Paul Crowder (filmmaker)

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Paul Crowder (born 30 December 1962, London, England) is an English musician, who later became a film editor and director.

Life and career[edit]

Crowder's career started as a musician and, in 1980, he joined with Philip Jap as his drummer. Jap was signed to A&M Records in 1981, and he recorded one album, and his 1982 single releases, "Save Us" and "Total Erasure", reached numbers 53 and 41 respectively in the UK Singles Chart.[1]

In 1983, Crowder then became an assistant recording engineer at Advision Studios. He was involved in the recording of such tracks as "Careless Whisper" by George Michael, and "Last Christmas" by Wham! He also recorded the Siouxsie and the Banshees live album, Nocturne, on their mobile recording unit. In 1985, Crowder joined the band the Adventures, achieving a Top 30 album and a Top 20 single in the United Kingdom.[2] In 1989, Crowder moved to Los Angeles and started playing with Eric Burdon, formerly of the Animals, and Robby Krieger, formerly of the Doors, later joined by Brian Auger on keyboards. By 1993 he started playing with Dave King, and was a founder member of the first version of Flogging Molly. In 1996, Crowder undertook a change of career and moved into television as an assistant editor, and by 1997 was editing prime time television. He also acted in an episode of the US sitcom, Ellen in 1996. Crowder also had a small part in the film The Big Empty.

During his time in television he met Stacy Peralta. Crowder went on to edit Dogtown and Z-Boys and Riding Giants with the film's director Stacy Peralta. Dogtown and Z-Boys won the audience award and best director award at the Sundance Film Festival in 2001, and the Independent Spirit Award for Best Documentary in 2002. Crowder also garnered the A.C.E. Eddie for best edited documentary in 2004 for Riding Giants.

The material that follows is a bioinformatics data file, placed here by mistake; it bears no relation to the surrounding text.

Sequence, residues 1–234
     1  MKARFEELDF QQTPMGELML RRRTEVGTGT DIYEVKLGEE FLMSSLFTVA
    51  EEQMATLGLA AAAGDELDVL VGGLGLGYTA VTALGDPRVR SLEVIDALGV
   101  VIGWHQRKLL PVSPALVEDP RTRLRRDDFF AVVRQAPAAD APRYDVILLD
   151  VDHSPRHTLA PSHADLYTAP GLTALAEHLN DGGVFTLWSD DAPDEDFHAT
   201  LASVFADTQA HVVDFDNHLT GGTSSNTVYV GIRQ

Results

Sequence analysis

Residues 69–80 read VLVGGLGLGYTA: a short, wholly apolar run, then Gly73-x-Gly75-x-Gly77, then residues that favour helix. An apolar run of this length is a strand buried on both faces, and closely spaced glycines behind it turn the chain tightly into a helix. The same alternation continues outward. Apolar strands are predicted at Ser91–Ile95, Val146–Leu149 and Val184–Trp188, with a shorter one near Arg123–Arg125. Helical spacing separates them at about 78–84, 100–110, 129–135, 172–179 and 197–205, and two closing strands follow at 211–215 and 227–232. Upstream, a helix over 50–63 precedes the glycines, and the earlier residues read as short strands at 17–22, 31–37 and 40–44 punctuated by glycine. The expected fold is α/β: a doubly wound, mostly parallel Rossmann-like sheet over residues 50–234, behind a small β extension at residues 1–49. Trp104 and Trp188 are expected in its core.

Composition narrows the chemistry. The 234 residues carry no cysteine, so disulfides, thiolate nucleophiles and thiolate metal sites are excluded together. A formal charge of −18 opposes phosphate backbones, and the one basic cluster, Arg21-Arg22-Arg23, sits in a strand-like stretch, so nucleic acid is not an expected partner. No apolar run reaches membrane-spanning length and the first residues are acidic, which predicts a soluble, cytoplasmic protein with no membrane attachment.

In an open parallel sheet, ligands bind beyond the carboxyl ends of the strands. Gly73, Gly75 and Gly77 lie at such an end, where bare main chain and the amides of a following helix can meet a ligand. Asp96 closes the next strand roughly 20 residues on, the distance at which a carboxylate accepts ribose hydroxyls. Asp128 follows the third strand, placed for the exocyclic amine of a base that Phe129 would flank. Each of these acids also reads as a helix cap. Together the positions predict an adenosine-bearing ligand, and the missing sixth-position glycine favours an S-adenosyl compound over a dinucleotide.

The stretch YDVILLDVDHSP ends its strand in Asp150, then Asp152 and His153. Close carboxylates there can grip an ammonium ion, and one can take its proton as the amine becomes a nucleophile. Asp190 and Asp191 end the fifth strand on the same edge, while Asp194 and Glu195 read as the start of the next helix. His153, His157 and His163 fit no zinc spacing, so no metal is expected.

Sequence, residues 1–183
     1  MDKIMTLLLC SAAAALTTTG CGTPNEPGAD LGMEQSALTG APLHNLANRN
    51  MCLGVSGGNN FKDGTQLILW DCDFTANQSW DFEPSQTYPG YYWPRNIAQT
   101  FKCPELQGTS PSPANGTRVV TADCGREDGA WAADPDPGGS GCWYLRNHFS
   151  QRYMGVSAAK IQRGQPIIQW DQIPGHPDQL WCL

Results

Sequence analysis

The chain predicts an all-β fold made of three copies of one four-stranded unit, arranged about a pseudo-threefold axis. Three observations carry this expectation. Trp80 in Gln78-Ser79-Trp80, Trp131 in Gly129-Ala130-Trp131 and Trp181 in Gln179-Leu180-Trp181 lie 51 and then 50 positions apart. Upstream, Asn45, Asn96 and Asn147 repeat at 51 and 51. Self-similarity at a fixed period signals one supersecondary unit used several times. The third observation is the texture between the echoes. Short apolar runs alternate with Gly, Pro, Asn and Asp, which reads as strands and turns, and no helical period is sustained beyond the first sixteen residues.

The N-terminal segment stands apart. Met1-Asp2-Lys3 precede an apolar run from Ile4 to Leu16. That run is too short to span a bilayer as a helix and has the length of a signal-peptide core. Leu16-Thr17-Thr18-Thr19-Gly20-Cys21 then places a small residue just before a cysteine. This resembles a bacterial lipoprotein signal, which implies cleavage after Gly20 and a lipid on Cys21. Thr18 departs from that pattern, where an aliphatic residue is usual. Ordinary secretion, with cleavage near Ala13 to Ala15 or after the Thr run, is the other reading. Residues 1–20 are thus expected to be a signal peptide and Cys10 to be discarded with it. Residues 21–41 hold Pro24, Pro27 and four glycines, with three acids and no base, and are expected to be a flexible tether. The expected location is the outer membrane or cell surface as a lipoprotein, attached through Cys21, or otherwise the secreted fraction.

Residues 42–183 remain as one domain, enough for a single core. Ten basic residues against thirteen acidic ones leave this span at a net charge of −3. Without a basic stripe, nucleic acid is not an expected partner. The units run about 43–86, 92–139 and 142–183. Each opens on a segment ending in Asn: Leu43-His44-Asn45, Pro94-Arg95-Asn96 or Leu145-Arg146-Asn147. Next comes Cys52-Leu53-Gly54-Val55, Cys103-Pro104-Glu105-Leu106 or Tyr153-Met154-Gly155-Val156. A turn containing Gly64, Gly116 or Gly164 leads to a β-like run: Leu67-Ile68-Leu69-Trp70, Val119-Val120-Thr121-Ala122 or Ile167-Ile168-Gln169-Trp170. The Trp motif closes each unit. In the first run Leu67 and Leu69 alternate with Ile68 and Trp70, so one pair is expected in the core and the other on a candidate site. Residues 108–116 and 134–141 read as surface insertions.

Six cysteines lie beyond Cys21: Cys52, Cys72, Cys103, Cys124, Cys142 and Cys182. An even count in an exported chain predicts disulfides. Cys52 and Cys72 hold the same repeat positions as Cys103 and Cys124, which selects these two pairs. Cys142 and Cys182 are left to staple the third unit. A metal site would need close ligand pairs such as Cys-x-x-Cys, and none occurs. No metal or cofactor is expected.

Crowder co-directed and edited Once in a Lifetime: The Extraordinary Story of the New York Cosmos in 2006, and in 2007 co-directed and edited the Who documentary film, Amazing Journey: The Story of The Who, which was nominated for a Grammy Award at the 2009 Grammys.

In 2006, Crowder teamed up with now long time creative partner, Mark Monroe and producer Morgan Sackett, to form Diamond Docs production company. It has currently 35 films under its belt, including the Academy Award winning The Cove.

In 2008, he edited and co-produced Morning Light for Walt Disney Pictures.

Crowder then Directed Last Play at Shea, a documentary about Shea Stadium, the New York Mets and Billy Joel, told through the last concert played at the park in 2008. It was released in 2010.

In 2012, Crowder edited Sound City: Real to Reel.

In 2013, Paul Crowder was the director for Formula One documentary called 1. 1 is about Grand Prix racings golden era. [3]

Crowder is represented for directing commercials at Nonfiction Unlimited.[4]

Crowder was nominated for the American Cinema Editors Eddie & PrimeTime Emmy for editing the Grammy winning, Ron Howard directed 2016 documentary The Beatles: Eight Days a Week.[5].

In 2016, Crowder joined American Cinema Editors.

References[edit]

  1. ^ Roberts, David (2006). British Hit Singles & Albums (19th ed.). London: Guinness World Records Limited. p. 279. ISBN 1-904994-10-5. 
  2. ^ Roberts, David (2006). British Hit Singles & Albums (19th ed.). London: Guinness World Records Limited. p. 15. ISBN 1-904994-10-5. 
  3. ^ ""1" Trailer". The Movie Box. Retrieved 12 September 2013. 
  4. ^ http://www.nonfictionunlimited.com/directors/paul-crowder/
  5. ^ http://www.thebeatles.com/news/hulu-announces-exclusive-us-streaming-partnership-forthcoming-ron-howard-documentary-about

External links[edit]